FIA president Max Mosley says retirement will be a big relief for him later this year, when he is replaced as head of the governing body.
The Briton has been heading the FIA since 1991 but announced earlier this year he will not stand for re-election in October, when he will be replaced by either Ari Vatanen or Jean Todt.
In an interview with the Guardian newspaper, Mosley said he has grown tired of the battles with the teams and manufacturers over the need to reduce costs in Formula 1.
"The gravity has not really registered with the teams," Mosley told the newspaper. "I've pointed out that, if they're allied to a big car manufacturer, they can literally get a fax in the morning with a P45 to follow. But they don't believe it and it's extraordinary how they fought tooth and nail to keep the costs near the current levels.
"It's also surprising the main boards of the manufacturers didn't back what we were doing. They've got factory closures and yet they're still pumping money into Formula 1. In the end it dawned on me that these CEOs are under such pressure that they simply don't have the time to focus on F1."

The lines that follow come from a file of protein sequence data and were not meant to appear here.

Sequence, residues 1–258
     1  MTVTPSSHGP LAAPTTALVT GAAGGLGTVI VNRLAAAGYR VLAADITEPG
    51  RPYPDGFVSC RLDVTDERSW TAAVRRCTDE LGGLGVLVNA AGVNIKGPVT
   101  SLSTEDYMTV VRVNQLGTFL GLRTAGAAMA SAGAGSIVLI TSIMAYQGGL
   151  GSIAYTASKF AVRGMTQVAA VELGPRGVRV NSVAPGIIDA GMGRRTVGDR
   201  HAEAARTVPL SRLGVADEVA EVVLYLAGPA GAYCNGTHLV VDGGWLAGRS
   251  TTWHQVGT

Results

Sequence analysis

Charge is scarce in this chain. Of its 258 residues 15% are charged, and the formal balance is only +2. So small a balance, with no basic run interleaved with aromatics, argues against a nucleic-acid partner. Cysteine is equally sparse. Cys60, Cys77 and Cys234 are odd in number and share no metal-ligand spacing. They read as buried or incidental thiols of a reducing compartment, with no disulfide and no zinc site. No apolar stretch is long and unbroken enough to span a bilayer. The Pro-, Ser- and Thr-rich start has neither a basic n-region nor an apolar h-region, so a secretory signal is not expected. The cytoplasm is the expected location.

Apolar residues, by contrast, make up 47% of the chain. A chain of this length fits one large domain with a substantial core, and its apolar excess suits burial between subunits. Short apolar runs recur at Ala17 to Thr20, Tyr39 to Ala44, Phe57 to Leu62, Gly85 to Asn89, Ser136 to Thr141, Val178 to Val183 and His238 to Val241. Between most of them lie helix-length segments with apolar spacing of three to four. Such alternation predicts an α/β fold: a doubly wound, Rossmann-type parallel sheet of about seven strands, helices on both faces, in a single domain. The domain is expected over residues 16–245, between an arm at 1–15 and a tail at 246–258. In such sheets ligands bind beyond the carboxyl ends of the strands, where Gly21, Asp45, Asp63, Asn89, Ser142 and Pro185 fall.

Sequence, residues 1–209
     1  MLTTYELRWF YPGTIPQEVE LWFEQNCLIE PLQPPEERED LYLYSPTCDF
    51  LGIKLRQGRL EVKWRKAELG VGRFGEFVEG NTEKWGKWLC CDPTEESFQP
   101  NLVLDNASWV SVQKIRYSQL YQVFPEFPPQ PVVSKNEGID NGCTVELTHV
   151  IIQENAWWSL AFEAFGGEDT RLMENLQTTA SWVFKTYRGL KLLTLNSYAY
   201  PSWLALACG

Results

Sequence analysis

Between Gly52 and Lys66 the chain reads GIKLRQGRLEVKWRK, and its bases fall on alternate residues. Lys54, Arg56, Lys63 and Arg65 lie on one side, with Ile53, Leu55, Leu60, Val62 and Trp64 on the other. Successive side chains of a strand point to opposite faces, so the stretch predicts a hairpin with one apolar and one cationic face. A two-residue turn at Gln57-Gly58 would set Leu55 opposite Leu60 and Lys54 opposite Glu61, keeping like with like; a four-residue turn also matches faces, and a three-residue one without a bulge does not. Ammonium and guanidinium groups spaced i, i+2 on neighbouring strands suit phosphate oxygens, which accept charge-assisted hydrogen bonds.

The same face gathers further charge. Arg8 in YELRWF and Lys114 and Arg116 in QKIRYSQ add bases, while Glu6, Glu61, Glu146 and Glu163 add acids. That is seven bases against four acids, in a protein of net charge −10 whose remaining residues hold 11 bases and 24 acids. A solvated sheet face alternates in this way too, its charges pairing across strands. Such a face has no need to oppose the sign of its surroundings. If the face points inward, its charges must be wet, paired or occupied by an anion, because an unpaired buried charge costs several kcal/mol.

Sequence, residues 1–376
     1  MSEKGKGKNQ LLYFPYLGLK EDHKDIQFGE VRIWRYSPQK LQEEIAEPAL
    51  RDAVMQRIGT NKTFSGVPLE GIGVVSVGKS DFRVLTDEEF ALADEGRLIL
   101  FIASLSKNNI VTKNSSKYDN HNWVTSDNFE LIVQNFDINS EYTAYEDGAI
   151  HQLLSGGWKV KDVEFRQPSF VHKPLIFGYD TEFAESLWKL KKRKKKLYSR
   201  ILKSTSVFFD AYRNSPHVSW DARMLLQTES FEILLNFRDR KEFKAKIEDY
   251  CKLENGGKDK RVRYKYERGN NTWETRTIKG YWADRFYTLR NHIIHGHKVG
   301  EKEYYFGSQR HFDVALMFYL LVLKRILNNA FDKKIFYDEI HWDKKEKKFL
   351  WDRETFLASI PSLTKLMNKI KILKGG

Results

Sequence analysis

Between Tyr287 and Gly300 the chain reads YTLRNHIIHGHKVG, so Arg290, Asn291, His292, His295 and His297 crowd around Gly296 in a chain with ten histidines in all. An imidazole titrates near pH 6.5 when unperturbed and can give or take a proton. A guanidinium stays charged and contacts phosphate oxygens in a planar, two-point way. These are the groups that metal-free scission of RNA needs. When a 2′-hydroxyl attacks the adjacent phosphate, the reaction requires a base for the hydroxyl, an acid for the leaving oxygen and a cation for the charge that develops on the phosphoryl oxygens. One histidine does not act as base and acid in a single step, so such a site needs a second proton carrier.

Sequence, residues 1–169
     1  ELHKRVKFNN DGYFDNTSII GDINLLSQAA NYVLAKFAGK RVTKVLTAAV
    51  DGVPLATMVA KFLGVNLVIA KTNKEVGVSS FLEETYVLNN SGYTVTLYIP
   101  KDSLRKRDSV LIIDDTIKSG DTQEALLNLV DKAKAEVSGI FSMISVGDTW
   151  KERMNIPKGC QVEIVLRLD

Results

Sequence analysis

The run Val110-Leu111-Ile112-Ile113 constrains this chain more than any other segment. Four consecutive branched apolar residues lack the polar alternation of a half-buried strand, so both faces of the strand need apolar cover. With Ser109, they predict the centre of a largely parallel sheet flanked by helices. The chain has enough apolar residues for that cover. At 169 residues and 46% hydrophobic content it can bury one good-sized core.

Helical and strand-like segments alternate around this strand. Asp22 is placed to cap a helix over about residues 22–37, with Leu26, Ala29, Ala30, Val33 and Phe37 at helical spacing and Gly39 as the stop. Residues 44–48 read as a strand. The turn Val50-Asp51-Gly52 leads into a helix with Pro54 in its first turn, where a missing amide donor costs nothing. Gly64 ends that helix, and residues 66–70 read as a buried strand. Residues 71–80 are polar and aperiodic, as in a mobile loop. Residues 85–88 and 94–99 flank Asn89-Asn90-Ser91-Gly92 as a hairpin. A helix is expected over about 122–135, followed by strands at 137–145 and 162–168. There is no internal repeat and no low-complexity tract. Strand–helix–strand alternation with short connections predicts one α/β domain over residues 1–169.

Mosley, 69, believes he will have been re-elected if had decided to run for president again, but he says he's simply too tired to continue fighting.
"I know the feeling and that's why retirement will be a big relief," he added. "The work is absolutely non-stop and I always feel I haven't really done what I should've done. And I am tired of the battling. It's more or less, in different guises, the same problems with the same people and you're never going to finish.
"At a certain point it's time to stop. I think the FIA members would re-elect me if I stood but I am getting too old. You've only got a limited amount of time left before you drop off - and do you really want to spend it solving other people's problems?"